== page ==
Return on debt definition


Return on debt (ROD) is a ratio, which compares company's net earnings with the amount of long term debt. This ratio shows the amount of net earnings that is generated for each dollar that a company holds in debt. Data to calculate this ratio is collected from the income statement and balance sheet.

Return on debt (ROD) is not often used in simple analysis. This ratio is important while evaluating company’s solvency. It is generally used by company’s owners while making a decision on which financing sources would be better for the company.

Norms and limitations

Companies with a very low value of ROD can face difficulties while applying for loans.

During the economic crisis, low value of ROD indicates potential insolvency of the company which might lead to bankruptcy.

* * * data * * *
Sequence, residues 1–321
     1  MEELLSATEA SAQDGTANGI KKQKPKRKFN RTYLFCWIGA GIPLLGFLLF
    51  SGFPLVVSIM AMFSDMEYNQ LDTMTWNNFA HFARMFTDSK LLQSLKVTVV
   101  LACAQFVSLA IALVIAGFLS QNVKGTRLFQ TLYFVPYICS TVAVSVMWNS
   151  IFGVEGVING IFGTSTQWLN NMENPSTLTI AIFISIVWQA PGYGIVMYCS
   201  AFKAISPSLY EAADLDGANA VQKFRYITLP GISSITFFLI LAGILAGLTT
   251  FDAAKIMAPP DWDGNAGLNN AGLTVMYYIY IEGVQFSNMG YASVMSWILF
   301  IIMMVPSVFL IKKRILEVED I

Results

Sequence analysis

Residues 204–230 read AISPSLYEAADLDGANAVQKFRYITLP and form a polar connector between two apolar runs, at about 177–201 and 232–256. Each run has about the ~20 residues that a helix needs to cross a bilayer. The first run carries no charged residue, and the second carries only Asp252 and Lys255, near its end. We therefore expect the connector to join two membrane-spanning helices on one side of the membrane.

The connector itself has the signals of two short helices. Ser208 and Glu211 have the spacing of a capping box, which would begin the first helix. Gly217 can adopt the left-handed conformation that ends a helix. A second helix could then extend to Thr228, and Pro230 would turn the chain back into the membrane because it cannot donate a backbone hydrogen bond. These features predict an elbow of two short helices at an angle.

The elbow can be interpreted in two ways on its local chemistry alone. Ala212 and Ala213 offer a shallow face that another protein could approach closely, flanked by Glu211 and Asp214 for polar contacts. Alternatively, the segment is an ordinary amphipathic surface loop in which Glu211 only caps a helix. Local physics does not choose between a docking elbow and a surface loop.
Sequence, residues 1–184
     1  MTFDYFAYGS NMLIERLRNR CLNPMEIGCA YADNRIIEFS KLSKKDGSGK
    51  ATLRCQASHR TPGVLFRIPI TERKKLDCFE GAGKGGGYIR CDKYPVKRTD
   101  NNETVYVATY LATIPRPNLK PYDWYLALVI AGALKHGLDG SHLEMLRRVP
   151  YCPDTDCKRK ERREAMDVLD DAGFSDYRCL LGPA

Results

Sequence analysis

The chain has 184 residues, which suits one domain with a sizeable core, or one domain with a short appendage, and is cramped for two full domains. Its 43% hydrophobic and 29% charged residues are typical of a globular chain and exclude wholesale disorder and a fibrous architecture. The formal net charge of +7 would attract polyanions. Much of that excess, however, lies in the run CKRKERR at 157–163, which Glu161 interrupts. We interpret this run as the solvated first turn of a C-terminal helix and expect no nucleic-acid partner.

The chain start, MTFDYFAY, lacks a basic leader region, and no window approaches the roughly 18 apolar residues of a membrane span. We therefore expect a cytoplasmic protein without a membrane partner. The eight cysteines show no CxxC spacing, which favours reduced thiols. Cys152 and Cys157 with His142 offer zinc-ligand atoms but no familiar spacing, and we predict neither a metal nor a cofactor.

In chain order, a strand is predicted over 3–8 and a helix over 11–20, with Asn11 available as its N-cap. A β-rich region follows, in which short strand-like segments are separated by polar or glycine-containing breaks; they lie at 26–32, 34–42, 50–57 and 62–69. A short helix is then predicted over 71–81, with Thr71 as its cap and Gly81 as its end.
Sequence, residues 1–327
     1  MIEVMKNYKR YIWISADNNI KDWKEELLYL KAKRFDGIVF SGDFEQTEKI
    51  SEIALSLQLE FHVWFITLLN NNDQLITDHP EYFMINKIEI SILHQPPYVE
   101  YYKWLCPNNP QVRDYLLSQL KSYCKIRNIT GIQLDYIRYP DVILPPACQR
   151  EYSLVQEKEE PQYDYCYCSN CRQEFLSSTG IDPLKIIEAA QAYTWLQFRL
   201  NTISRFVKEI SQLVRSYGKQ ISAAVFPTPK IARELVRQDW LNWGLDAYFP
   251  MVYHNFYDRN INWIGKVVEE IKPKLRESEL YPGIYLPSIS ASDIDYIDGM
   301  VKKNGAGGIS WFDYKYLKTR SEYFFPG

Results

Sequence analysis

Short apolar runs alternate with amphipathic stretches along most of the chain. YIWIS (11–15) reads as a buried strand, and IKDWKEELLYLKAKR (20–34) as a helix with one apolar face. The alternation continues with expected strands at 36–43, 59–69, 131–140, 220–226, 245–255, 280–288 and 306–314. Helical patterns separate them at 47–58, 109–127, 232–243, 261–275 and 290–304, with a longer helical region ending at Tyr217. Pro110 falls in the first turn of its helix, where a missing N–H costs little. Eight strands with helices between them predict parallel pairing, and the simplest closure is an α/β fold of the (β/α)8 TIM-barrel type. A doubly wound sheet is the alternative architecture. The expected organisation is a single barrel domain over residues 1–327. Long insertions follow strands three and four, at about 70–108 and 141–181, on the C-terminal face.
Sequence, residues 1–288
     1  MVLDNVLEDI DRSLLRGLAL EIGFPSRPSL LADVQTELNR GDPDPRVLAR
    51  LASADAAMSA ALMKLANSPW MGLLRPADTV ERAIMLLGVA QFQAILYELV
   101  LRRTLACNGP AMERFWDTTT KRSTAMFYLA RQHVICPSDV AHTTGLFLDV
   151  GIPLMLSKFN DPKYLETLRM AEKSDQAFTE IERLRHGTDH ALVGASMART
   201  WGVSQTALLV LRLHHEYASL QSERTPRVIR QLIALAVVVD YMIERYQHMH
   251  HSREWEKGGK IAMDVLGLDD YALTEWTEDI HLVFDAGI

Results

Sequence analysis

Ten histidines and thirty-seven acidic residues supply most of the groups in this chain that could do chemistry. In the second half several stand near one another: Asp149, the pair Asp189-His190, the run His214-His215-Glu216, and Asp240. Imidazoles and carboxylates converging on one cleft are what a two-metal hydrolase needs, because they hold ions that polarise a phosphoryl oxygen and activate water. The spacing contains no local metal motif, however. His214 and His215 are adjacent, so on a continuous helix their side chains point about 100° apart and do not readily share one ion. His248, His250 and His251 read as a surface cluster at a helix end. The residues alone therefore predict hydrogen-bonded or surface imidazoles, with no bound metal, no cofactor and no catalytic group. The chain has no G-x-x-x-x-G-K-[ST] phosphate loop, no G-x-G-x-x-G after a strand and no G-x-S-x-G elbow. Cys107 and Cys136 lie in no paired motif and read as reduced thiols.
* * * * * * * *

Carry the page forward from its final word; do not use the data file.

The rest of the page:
Net income (net profit, net earnings) is usually called “the bottom line”, and is a measure, which is calculated by taking revenues (sales and other incomes) and adjusting them to the cost of sales, operating cost, depreciation and amortization, interest, taxes and other expenses.

Long term debts mean loans and financial obligations lasting over the period of twelve months.